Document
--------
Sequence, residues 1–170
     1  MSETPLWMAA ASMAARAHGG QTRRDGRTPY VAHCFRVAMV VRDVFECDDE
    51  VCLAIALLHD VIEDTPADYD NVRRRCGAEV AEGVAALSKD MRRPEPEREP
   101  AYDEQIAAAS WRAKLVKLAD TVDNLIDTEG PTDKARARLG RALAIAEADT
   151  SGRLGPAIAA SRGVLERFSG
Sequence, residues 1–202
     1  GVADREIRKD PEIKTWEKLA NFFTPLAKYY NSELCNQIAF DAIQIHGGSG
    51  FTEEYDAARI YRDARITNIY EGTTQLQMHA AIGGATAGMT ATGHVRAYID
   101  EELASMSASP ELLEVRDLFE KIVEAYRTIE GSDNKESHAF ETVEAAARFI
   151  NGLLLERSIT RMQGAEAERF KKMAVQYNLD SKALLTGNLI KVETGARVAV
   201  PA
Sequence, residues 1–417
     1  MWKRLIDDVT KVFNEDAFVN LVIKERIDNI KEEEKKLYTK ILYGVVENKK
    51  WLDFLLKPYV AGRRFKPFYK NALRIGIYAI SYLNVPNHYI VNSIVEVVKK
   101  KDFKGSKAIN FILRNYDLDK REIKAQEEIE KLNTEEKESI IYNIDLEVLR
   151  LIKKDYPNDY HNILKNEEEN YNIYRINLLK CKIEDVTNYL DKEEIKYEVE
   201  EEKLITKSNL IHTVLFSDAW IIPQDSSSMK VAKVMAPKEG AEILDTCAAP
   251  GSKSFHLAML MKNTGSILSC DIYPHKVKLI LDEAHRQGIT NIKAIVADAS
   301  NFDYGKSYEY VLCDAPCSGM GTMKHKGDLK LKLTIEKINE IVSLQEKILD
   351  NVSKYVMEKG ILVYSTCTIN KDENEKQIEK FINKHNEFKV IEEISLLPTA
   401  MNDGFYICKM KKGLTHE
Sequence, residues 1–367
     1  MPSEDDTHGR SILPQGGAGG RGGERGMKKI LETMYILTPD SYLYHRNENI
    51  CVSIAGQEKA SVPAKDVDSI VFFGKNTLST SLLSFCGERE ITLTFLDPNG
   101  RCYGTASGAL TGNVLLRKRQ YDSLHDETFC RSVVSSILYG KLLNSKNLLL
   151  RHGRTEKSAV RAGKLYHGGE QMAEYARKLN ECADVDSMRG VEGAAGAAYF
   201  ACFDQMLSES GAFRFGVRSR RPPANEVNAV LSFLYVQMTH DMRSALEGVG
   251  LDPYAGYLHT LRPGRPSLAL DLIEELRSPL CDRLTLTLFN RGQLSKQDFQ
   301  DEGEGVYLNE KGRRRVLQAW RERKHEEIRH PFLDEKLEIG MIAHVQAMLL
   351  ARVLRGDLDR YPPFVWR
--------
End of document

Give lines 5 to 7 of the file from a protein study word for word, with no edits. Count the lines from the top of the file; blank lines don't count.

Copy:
   151  SGRLGPAIAA SRGVLERFSG
Sequence, residues 1–202
     1  GVADREIRKD PEIKTWEKLA NFFTPLAKYY NSELCNQIAF DAIQIHGGSG